There’s nothing as relaxing as sitting with your loved one in front of your fireplace on a cold night talking about everything and anything. Unfortunately, it can be a real bummer when your gas fireplace won’t stay lit.
When this happens, there’s no need to panic, as the possible cause of the problem might be something easily fixed without needing the help of a technician. Try the following DIY fix for a fireplace that won’t stay lit.
Before You Begin: Is Your Pilot Light Lit?
The first thing you should do when faced with a gas fireplace that won’t stay lit is to make sure your pilot light is lit. You might be amazed to find out that the most straightforward fix for this is to turn on your pilot light.
Pilot Light Color
Apart from your pilot light being lit, the flame must remain a steady blue. Your pilot light should be about 90 percent blue, with very little yellow. It should also be touching the surrounding sensors such as the thermocouple and thermopile. If the color turns yellow or red, it’s a sign of gas contamination.
The Fix: Fireplace Pilot Light Won’t Stay Lit
So you’ve checked your pilot light and even reset it, but still, it doesn’t stay lit. This can be an indication that your fireplace thermocouple is either bad or worn out. However, if your pilot light is lit but the gas fireplace isn’t, then there’s probably a problem with your thermopile.
- Digital multimeter
- Fine-grit sandpaper
- Stainless Steel Brush
What is the Difference Between a Thermocouple and a Thermopile?
The thermocouple more or less acts like a sensor for gas flow and supplies gas to the pilot light through the gas valve. The thermopile, on the other hand, opens up the gas valve when the fireplace is turned on.
The Thermocouple and the Thermopile carry out a similar function of converting heat to electricity, but the thermopile generates more electrical current compared to the thermocouple.
Step 1. Check Your Thermopile Output with the TH/TP Contacts
Your thermopile output can be tested with a multimeter using the TH/TP Contacts to check the amount of electricity it’s producing. Before running the test, ensure that your pilot light has been on for two minutes or more, then switch off your fireplace.
Find your main control valve, and locate the thermopile sensor then find the Contacts labeled TH/TP and TP respectively on the valve. You can use your manufacturer’s guide to locate these.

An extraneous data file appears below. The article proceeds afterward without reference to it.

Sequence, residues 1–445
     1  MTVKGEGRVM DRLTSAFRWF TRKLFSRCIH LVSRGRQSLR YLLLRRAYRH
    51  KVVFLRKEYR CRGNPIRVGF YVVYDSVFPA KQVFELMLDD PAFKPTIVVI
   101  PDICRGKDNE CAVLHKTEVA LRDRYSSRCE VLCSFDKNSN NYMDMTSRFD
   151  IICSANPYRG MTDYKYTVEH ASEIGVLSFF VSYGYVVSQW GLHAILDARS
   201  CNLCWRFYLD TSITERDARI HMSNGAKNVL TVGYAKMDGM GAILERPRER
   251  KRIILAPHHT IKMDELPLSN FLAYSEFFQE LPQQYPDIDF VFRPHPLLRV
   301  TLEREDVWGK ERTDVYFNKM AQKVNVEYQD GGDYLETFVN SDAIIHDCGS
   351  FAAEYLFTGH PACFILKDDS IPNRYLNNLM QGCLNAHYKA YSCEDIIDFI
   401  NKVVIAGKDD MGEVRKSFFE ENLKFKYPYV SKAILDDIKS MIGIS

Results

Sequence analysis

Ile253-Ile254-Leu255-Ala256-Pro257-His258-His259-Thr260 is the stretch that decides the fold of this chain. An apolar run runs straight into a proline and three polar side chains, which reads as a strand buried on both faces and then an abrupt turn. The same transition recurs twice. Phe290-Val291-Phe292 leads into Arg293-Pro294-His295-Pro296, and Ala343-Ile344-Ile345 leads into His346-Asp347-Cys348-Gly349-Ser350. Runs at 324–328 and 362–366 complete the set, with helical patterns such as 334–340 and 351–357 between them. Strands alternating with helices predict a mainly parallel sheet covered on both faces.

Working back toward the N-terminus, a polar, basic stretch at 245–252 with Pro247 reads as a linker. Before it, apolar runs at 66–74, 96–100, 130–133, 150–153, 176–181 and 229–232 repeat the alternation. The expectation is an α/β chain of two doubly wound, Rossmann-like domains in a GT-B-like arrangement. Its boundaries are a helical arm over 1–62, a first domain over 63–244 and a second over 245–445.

Take the multimeter leads, placing one on the TH/TP terminal and the other on the TP terminal.
The multimeter should read 300 millivolts or more. If it reads less than 300 millivolts, then you should replace it.
Diagnosing a Thermopile Problem
Just like the thermocouple, the thermopile can be read with a multimeter to check if it’s the cause of the problem. Three hundred millivolts or higher voltage is a sign of a good thermopile. A reading below 300 millivolts would require you to replace the thermopile.
Diagnosing a Thermocouple Problem
It’s always a good idea to test your thermocouple with a multimeter to rule out the possibility of it being the reason behind your gas fireplace not staying lit. If your thermocouple is still in good condition, you should be able to read 25 millivolts of voltage or higher, but if it reads less than 25 millivolts, your thermocouple needs to be replaced.
Step 2. Don’t Replace Your Thermopile or Thermocouple Right Away
Due to the function of your thermocouple and thermopile, it’s only logical that they will build up carbon deposits from burning all the time. This build-up can very well limit their effectiveness. Although it’s cheap to replace both probes, it’s far cheaper to clean them first.
Step 3. Cleaning the Thermopile
To quickly clean your thermopile, turn off the gas supply. With the help of a stainless steel brush and fine-grit sandpaper, you can scrub off as much piled up soot as possible.
Step 4. Re-test the Cleaned Thermopile
When you’re satisfied with the way the thermopile looks, go ahead and re-ignite the pilot light. After a few minutes, turn off the fireplace and take another reading with the multimeter.
Step 5. Replace the Thermocouple or Thermopile if Cleaning Did Not Work
After cleaning, should the pilot light still not stay lit, it is probably time to get new equipment. Take out the faulty thermocouple and thermopile and replace them with new ones.
Other Reasons a Gas Fireplace Won’t Stay Lit
Checking your thermopile for a fault is a simple DIY solution, but if the above steps don’t work you may need to call a technician to fix your issue. Apart from a faulty thermopile and thermocouple, other possible reasons include:
Incorrect Gas Pressure
If your gas pressure is not properly set, then your gas fireplace won’t stay lit. You can get a technician to help you make the necessary adjustments.
Faulty Gas Valve
Although not a common fault, just like every other component, it is subject to failure. When this happens, you should call a professional to get it changed quickly to avoid a fire incident.
Moisture in the Drip Loop
Another possible cause could be moisture in the gas line. This is capable of diluting the natural gas, making the light go off.
Clogged or Dirty Burner Ports
When your burner ports are clogged, the flame tends to be uneven and might possibly go off. Cleaning dirty burner ports from time to time could help solve the problem.
Gas Fireplace Cleaning
Proper gas fireplace maintenance will save you a lot of stress in the future. When the fireplace is clean, it burns evenly and prevents dirt from destroying its mechanisms. With a hand brush, rag, and vacuum cleaner, you can get your gas fireplace sparkling clean again.
Proper maintenance of your gas fireplace can help prevent issues with your fireplace such as trouble keeping the unit lit.